|Matthew Henry's Concise Commentary|
24:17,18. The pleasure we are apt to take in the troubles of an enemy is forbidden. 19,20. Envy not the wicked their prosperity; be sure there is no true happiness in it. 21,22. The godly in the land, will be quiet in the land. There may be cause to change for the better, but have nothing to do with them that are given change. 23-26. The wisdom God giveth, renders a man fit for his station. Every one who finds the benefit of the right answer, will be attached to him that gave it. 27. We must prefer necessaries before conveniences, and not go in debt.
Verse 18. - Lest the Lord see it, and it displease him. This malignant pleasure at others' misfortunes (which Aristotle, 'Eth. Nic.,' 2:7. 15, calls ἐπιχαιρεκακία) is a sin in the eyes of God, and calls for punishment. And he turn away his wrath from him; and, as is implied, direct it upon thee. But it seems a mean motive to adduce, if the maxim is taken baldly to mean, "Do not rejoice at your enemy's calamity, lest God relieve him from the evil:" for true charity would wish for such a result. Bode considers "his wrath" to be the enemy's ill will against thee, which God by his grace changes to love, and thou art thus covered with confusion and shame for thy former vindictiveness. But the point is not so much the removal of God's displeasure from the enemy as the punishment of the malignant man, either mentally or materially. To a malignant mind no severer blow could be given than to see a foe recover God's favor and rise from his fall. The moralist then warns the disciple against giving way to this ἐπιχαιρεκακία lest he prepare for himself bitter mortification by having to witness the restoration of the hated one, or by being himself made to suffer that evil which he had rejoiced to see his neighbour experience (comp. Proverbs 17:5, and note there).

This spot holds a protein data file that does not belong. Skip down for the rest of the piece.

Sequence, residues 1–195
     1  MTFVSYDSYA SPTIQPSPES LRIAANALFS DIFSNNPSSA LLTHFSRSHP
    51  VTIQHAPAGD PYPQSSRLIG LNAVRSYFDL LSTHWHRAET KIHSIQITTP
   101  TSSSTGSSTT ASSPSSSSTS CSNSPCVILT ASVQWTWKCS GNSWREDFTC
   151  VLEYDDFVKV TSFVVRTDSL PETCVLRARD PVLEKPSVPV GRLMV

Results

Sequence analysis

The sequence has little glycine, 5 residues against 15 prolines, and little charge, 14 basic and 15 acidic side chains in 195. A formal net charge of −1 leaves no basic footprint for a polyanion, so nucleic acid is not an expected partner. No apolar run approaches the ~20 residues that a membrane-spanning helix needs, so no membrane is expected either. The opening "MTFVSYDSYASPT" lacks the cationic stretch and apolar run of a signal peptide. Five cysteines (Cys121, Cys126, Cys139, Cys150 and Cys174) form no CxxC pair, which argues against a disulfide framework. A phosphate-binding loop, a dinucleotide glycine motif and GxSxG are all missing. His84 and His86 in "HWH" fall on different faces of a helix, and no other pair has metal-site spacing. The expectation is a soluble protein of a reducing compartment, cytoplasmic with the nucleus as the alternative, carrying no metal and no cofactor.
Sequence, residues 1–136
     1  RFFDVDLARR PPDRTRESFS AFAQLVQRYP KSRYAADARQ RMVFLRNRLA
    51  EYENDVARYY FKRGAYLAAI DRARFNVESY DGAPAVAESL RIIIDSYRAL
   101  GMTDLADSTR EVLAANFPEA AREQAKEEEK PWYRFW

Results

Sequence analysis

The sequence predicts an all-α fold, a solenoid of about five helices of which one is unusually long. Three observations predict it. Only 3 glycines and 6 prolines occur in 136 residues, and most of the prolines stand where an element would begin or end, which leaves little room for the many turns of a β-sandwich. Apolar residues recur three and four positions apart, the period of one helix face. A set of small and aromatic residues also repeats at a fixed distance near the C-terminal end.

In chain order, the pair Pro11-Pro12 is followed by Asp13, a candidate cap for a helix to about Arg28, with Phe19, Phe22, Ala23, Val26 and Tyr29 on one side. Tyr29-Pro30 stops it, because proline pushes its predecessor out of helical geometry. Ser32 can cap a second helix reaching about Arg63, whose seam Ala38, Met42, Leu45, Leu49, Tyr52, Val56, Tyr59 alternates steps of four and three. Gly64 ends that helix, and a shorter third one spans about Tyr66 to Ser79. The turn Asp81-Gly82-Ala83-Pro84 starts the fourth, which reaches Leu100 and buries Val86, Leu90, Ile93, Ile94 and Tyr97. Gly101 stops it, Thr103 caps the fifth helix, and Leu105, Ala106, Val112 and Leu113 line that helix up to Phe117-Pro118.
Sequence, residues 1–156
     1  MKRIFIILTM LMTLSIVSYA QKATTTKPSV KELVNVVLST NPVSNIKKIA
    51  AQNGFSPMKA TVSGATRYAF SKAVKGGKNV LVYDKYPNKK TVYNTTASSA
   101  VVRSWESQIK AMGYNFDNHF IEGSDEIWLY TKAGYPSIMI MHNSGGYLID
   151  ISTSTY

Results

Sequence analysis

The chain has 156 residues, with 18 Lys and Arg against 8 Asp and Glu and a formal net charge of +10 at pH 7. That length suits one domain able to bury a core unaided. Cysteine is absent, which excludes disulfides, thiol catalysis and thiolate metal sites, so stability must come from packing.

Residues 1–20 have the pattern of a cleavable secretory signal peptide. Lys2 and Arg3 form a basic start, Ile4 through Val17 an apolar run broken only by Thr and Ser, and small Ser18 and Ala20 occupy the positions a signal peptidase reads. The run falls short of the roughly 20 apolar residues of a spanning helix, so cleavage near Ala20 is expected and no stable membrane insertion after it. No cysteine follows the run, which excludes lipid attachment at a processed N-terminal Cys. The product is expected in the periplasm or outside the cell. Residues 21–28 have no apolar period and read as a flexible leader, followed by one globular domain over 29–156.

Gill's Exposition of the Entire Bible
Lest the Lord see it, and it displease him,.... Who sees all things, not only external actions, but the heart, and the inward motions of it; and though men may hide the pleasure they feel at the misery of an enemy from others, they cannot hide it from the Lord; nor is this said by way of doubt, but as a certain thing; and which the Lord not barely sees, but takes notice of, and to such a degree as to resent it, and show his displeasure at it by taking the following step;
and he turn away his wrath from him; remove the effects of it, raise him out of his fallen and distressed condition, and restore him to his former prosperous one; and not only so, but turn it upon thee, as Gersom supplies the words, and not amiss; so that there is a strange and sudden change of circumstances; thou that was pleasing thyself with the distress of thine enemy art fallen into the same, and he is delivered out of it; which must be a double affliction to such a man; so that by rejoicing at an enemy, he is doing his enemy good and himself hurt; see Proverbs 17:5.
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